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Old 03-06-2013, 03:13 PM   #4
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A blizzard in June is a bit of an exaggeration. You'll be fine on your trip. The Rockies are beautiful and worth the trip
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Old 03-06-2013, 03:20 PM   #5
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May for sure though lol...
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Old 03-06-2013, 04:36 PM   #6
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The TC from the Soo to ThunderBay is full of steep inclines and sharp turns. The road was in great shape Spring 2012. As i sated in the other post the price of gas at Marathon was $1.55 per liter or $5.80 a gal. There are many provincial parks along highway 17 that are on Lake Superior. You will find a Walmart in most larger communities along the route. You most likely will find more truck stops then Walmarts. There is a truck stop at Wawa. How far do you plan on traveling in a day? We average 300 miles when doing the drive around Superior. At that speed it takes us 4 days to exit Ont. Most CG do not open till the long weekend in May (May 24). If you travel in June you will be traveling during Black Fly season. Also is there a reason that you want to go through Montreal? I try to avoid this area when towing.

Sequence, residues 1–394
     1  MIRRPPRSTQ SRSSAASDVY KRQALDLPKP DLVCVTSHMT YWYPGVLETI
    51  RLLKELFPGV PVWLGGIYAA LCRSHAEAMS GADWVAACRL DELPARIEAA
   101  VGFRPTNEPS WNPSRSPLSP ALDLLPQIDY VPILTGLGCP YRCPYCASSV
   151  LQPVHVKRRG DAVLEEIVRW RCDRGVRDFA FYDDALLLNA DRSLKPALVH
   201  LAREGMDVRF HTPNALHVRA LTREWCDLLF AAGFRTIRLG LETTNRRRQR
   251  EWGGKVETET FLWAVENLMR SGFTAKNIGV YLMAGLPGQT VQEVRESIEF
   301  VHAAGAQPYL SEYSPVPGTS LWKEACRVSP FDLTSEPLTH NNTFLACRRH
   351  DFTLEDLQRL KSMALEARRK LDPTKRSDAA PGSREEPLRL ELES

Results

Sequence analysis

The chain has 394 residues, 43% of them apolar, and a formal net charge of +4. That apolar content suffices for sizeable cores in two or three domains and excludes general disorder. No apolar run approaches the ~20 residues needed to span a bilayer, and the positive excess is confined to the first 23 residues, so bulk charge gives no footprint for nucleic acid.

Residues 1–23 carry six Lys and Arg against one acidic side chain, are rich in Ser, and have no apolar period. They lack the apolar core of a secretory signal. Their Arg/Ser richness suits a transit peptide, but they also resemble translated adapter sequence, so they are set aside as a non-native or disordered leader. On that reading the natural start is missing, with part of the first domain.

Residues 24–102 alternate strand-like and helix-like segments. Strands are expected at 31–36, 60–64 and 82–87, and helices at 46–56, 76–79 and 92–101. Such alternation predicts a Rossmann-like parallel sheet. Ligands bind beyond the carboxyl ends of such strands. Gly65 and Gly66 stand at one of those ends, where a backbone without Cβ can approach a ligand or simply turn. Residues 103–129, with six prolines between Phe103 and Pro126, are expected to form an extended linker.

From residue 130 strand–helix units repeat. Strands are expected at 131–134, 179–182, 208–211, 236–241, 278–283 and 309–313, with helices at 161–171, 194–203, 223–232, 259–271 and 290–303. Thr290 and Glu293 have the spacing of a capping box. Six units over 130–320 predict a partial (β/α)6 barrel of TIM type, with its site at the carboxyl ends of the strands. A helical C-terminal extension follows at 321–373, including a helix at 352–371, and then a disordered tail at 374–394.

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Old 03-06-2013, 05:45 PM   #7
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The website or smart phone app "Allstays RV & Camp" is a great resource for answering your questions and planning your trip.
It will list Wallmarts that do and don't allow RVs to stay the night, it will list low overpasses on your planned route, it will help with finding campgrounds etc.

I would recommend it.
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Old 03-06-2013, 08:24 PM   #8
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If you do use the TCH and are in Alberta there is a nice campground alongside the Bow River in Cochrane. It's about 12kms north of the highway. Has full hook ups, etc. nice town too. Within striking instance of Banff, Kananaskis country and the Rockies.
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Old 03-06-2013, 08:53 PM   #9
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If you stay on the TC you will not have a problem with low bridges. This the the main highway that starts in Newfoundland and ends in British Columbia.
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Old 03-06-2013, 09:10 PM   #10
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There are Walmarts at North Bay, Sudbury, The Soo, Thunder Bay, Dryden. There is a large truck stop at Wawa. The KOA at Thunder Bay is easy off and easy on right beside the TC. This campground won the KOA camp ground of the year in 2011. Sleeping giant provincial park is near Thunder Bay. It would be wise to carry a 5 gal Jerry can of gas just in case. There are many dead spots for cell phone service when traveling Northern Ont. The DW and I have taken this route from just south of Ottawa to Victoria BC 5 times. We have done this route the last 2 years. If you need and info PM me. i will try to answer your questions the best I can. We usually travel this route late fall and early spring before most CG are open.